A Flash of Blessed

With a loud 'Halloo!' coming from the far end of the Portakabin, you knew when Brian Blessed was in.   This was during the summer of 1979, when I was sewing for Flash Gordon at Shepperton Studios.   Burnt out after working night and day making tutus and sylphides (sylph-eeds) for Jean Lamprell in Covent Garden, I had left and almost - almost - taken a 9 to 5 job in Accounts for the Rotary Society.  

The cliff-edge to ordinariness had not been reached by a narrow margine.  It was only on my way out after a successful interview that I had seen the girls I would actually work with in Accounts, where an accusing look had been thrown in my direction which said: 'Who do you think you are?'   "A theatrical costumier..." my mind gulped back, and so I had backed out of it.  

And somehow, here I was, Working In Films, working for Dino de Laurentis.  This turned out to be the exact opposite of working for Jean Lamprell.  For a start, there was nothing to do.  Four machinists (myself among them) marked time by sewing together three metre-square pieces of heavy-duty backing scrim.  Day after day.  Soulless activity, but at twice the money I had been getting before, I did not mind so much.  I was sorry the Italians in charge of the department could not speak English, so I could not tell them I was used to making six historical costumes all at the same time, nor, due to the lack of work, could I prove my worth.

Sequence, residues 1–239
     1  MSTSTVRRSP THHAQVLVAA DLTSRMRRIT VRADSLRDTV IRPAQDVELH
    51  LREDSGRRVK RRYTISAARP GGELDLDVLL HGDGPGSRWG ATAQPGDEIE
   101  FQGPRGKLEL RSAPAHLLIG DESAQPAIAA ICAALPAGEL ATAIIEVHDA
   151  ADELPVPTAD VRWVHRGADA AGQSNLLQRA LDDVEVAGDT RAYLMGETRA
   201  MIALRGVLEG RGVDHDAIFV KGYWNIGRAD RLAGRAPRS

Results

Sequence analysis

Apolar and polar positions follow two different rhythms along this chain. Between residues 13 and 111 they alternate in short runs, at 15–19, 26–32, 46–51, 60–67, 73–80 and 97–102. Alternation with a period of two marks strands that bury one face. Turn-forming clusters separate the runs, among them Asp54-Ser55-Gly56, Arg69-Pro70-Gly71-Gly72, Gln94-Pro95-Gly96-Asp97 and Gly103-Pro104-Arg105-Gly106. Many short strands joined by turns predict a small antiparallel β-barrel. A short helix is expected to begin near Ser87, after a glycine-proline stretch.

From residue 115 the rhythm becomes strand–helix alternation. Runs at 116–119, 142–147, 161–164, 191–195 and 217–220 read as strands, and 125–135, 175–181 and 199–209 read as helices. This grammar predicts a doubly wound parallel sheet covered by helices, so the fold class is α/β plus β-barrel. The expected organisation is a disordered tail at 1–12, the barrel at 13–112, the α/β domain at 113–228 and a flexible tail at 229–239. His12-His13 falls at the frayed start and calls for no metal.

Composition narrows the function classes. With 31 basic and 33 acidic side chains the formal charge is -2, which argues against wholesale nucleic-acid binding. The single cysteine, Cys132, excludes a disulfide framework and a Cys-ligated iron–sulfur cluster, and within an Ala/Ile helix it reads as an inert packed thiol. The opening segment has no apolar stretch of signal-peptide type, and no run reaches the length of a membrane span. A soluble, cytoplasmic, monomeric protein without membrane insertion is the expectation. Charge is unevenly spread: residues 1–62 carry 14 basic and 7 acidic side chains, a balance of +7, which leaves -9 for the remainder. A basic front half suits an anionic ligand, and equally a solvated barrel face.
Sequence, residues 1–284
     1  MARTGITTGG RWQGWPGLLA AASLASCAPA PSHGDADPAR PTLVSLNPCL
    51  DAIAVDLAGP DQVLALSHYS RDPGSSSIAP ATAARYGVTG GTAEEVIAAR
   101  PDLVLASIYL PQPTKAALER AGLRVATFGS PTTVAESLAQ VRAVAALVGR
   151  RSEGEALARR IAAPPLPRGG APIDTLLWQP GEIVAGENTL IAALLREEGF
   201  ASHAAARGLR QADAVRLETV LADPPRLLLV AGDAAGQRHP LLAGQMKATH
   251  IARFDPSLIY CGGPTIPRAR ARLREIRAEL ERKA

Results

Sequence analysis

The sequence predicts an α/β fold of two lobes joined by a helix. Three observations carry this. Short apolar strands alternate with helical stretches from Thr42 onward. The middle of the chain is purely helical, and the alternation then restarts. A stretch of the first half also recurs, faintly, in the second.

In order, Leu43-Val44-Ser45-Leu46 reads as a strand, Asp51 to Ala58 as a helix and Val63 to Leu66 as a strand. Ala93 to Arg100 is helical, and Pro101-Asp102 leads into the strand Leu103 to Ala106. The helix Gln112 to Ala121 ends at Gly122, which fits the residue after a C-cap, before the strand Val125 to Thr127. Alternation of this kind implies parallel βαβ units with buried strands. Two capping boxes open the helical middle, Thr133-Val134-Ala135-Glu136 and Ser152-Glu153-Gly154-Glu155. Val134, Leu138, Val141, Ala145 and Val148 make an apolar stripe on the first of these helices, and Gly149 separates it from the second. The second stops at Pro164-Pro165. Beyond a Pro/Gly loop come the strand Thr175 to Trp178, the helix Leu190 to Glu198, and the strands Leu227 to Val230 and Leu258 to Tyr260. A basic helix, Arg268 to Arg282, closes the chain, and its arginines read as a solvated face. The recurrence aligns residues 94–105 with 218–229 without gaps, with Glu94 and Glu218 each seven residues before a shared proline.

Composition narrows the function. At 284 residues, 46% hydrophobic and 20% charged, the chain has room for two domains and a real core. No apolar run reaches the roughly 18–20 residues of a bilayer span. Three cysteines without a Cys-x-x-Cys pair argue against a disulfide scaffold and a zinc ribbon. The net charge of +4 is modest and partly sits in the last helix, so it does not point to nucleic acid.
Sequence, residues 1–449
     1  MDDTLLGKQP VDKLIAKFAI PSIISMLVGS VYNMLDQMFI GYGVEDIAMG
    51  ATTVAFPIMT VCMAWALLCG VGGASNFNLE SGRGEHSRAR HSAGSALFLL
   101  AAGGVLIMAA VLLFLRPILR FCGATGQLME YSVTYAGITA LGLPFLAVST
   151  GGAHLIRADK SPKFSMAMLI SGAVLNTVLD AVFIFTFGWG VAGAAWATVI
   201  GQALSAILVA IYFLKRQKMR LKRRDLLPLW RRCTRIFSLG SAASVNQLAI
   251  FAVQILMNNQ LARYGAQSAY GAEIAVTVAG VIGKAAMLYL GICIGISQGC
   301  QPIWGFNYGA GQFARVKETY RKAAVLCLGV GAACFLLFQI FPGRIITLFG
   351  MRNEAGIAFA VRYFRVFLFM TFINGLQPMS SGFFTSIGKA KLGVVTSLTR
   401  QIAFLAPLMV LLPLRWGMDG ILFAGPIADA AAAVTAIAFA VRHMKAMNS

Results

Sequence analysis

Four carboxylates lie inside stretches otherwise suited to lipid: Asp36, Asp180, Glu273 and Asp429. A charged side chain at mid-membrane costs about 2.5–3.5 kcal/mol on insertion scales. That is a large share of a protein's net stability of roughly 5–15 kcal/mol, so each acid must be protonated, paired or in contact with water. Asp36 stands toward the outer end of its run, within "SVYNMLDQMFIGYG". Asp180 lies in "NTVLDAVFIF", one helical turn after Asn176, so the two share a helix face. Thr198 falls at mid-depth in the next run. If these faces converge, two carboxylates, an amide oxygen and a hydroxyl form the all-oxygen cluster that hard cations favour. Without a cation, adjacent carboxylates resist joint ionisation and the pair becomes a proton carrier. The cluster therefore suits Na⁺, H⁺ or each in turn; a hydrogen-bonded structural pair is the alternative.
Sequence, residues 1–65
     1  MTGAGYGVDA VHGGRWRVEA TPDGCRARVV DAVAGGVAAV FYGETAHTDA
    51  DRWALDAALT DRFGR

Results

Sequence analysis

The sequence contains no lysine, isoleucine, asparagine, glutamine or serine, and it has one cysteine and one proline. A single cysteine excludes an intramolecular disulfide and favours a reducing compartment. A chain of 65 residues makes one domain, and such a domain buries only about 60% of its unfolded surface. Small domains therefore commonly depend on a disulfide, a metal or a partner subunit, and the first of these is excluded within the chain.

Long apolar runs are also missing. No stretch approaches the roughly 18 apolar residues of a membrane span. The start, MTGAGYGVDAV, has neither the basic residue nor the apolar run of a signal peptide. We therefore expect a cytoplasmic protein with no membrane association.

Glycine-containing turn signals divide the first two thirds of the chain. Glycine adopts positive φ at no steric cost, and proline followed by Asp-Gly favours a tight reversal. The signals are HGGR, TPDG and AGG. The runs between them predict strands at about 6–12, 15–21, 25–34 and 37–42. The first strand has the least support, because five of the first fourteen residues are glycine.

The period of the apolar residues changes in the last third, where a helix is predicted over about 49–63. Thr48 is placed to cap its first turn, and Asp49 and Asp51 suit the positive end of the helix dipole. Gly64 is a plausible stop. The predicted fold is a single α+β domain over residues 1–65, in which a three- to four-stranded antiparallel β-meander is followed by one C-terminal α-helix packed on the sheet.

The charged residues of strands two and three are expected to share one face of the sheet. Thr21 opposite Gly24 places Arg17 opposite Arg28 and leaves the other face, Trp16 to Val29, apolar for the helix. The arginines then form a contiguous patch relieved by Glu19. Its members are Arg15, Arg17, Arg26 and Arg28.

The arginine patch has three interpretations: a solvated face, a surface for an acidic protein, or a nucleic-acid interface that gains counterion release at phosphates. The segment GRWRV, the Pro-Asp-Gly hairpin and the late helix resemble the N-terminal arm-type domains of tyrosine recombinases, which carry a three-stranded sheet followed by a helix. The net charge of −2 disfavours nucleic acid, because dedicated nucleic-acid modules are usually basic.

Every so often a short stubby man would appear at the near end of the Portacabin for a discussion with those Italians in charge; ribbons of Italian would flow across the room, accompanied by wild gesticulations.  Then short stubby would storm out.  It turned out short stubby was the main designer;  the Italians in charge were asking him for costume designs - which he had no intention of doing yet as he was designing the sets. 

This, the Italian, method of making films was to allow it to evolve.  Not, as you might think, to plan well in advance. During our lunch breaks, freed from the druggery of sewing scrim, there were pleasures to be had as we wandered about the studios and saw the sets being built.  In the special effects studios we saw the immaculate details of the model landscape - a train-set enthusiast's dream - which was to be used for the crash scene at the beginning.